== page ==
Class of 1982
It’s only fitting that Tom Pettitt, a person who dedicated his life to the sports of court tennis and lawn tennis, would be laid to rest in Newport, Rhode Island, where he became one of the first teaching pros at the Newport Casino and the site where the greatest tennis players are honored.
Pettitt’s specialty was court tennis and he later became adept at lawn tennis. At age 17, he left his home of Beckenham, Kent, England and headed for Boston. Upon arrival in the United States, he was hired as a dressing-room boy at Boston Tennis & Racquet Club, a private court tennis club. Pettitt had aptitude and a keen knack for the sport, and quickly rose to become the club’s head tennis professional.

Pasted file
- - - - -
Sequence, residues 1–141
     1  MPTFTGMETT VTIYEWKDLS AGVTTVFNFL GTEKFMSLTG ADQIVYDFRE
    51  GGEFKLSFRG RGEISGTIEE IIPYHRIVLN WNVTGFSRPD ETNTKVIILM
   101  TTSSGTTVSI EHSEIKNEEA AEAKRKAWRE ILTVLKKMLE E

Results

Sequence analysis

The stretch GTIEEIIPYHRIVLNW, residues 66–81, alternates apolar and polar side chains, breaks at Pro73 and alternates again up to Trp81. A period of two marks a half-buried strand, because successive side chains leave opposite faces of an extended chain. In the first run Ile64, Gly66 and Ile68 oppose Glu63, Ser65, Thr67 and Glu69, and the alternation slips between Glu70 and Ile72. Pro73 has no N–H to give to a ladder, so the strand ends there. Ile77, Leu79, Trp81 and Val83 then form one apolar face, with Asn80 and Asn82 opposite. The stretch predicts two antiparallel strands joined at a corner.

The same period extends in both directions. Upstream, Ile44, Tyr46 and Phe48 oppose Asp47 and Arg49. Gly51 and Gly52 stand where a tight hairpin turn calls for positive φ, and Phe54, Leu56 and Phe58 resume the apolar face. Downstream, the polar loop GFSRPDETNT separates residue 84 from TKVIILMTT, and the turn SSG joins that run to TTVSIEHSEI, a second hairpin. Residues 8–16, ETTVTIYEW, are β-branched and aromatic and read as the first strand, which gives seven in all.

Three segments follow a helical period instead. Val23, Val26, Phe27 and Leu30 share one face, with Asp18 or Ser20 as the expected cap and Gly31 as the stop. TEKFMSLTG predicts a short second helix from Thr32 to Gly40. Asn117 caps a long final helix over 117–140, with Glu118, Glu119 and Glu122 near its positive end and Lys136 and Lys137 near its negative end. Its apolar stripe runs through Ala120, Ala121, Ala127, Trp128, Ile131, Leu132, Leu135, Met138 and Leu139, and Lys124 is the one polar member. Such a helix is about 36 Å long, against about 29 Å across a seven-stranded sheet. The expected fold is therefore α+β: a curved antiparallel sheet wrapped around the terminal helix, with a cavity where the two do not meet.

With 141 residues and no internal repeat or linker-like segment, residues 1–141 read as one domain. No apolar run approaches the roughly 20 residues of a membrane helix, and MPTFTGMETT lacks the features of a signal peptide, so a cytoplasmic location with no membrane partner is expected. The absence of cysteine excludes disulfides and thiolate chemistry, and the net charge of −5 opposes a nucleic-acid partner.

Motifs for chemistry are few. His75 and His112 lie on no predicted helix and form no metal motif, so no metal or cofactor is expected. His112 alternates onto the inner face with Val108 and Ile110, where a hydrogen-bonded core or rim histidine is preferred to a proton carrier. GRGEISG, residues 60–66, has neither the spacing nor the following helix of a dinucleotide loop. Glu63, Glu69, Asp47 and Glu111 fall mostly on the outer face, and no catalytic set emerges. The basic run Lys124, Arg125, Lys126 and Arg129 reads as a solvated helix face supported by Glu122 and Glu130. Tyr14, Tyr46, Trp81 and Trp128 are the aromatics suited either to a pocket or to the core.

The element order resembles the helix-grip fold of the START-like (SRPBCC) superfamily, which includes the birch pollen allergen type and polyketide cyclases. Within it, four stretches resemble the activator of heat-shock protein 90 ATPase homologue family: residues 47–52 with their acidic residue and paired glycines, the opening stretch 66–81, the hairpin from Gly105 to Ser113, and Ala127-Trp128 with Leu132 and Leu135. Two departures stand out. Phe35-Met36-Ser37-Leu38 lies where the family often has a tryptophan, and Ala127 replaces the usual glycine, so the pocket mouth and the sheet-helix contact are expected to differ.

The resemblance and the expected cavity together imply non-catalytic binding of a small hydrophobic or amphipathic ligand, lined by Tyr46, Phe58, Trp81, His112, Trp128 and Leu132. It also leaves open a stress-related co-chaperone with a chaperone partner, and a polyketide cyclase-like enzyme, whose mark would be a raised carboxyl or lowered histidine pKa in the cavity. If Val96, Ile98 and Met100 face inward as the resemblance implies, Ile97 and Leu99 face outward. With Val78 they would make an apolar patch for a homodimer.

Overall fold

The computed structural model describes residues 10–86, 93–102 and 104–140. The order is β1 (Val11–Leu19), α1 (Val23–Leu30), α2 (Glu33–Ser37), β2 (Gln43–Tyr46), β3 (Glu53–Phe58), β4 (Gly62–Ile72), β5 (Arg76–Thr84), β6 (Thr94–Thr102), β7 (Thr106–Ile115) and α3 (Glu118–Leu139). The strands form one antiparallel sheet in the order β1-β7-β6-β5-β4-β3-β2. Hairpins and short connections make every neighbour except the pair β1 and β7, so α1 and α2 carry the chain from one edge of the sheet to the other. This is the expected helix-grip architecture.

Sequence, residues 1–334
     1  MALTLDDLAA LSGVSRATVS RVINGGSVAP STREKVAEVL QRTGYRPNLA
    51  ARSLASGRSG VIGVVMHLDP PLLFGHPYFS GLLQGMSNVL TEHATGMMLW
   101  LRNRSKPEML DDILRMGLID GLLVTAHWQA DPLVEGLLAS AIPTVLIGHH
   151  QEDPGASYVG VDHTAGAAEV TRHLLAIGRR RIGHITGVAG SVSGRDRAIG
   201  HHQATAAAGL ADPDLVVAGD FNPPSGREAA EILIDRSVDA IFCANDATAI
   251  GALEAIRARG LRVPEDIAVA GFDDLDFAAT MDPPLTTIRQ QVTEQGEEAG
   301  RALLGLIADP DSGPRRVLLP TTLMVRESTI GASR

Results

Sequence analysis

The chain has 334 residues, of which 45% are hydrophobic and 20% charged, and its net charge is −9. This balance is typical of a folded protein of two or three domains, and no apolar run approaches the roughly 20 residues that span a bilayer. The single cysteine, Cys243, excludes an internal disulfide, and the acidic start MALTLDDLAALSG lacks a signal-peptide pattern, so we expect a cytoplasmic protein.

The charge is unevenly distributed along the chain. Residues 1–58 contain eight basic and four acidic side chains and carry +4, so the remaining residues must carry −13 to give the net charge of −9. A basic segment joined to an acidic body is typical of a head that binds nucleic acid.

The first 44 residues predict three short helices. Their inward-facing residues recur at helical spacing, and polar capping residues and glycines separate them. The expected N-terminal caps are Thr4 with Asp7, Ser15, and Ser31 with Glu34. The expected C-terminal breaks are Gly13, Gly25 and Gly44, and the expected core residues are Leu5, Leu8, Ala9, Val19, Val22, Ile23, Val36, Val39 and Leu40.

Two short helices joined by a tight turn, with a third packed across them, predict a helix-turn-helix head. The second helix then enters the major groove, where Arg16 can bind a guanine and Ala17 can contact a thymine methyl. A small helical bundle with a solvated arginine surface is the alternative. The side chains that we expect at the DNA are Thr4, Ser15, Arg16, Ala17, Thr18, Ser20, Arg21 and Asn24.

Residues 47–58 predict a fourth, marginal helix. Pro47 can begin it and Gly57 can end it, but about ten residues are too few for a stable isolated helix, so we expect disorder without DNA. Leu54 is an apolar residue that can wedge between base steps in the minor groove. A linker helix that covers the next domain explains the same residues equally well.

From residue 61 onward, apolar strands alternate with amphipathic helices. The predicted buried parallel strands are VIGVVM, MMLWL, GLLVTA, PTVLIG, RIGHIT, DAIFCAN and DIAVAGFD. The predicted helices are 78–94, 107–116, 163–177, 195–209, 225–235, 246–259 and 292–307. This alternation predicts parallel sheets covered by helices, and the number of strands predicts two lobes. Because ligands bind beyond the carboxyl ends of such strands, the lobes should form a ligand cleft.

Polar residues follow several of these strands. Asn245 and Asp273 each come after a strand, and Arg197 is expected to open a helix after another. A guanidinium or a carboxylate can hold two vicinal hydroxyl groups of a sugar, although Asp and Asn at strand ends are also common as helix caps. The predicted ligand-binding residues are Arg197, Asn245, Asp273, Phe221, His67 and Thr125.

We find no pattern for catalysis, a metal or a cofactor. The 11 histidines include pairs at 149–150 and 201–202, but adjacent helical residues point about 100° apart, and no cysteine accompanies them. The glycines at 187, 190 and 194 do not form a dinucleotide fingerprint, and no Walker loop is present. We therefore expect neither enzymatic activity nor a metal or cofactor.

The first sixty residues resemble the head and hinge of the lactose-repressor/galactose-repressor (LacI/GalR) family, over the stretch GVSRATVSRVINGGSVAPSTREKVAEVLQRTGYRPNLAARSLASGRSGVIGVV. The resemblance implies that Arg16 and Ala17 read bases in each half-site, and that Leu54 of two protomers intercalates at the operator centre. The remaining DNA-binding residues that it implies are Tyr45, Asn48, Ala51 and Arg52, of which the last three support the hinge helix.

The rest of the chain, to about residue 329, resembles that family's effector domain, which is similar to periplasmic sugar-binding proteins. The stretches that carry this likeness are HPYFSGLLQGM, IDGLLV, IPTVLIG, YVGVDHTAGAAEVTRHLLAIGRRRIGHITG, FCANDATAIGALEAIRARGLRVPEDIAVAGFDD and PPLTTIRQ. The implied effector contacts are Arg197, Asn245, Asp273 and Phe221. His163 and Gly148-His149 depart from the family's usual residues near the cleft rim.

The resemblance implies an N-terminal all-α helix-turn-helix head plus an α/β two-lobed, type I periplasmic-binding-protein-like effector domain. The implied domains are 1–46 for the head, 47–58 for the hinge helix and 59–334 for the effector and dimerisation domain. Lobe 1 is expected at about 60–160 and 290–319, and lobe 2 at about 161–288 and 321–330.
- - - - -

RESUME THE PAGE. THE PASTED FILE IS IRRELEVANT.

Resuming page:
He caught the competitive bug, and eager to showcase his wares, traveled back to England and Europe, honing his considerable skills and was one of the game’s first touring players and instructors. In 1885, he challenged world champion player George Lambert for the World Championship. Played at the Royal Tennis Court at Hampton Court Palace, Pettitt won his match over Lambert and successfully defended his title in Dublin in 1890. He retired later that year in a fashion all athletes wish they could emulate: undefeated on his own terms.
Court tennis and later lawn tennis were two immensely important staples in Pettit’s life. Pettitt remained in Boston teaching tennis through 1927, and then relocated to Newport, Rhode Island. Learning the game of lawn tennis in 1876, he spent his summer months in Newport, becoming one of the first teaching pros at the Newport Casino where he served as a supervisor until his death in 1946.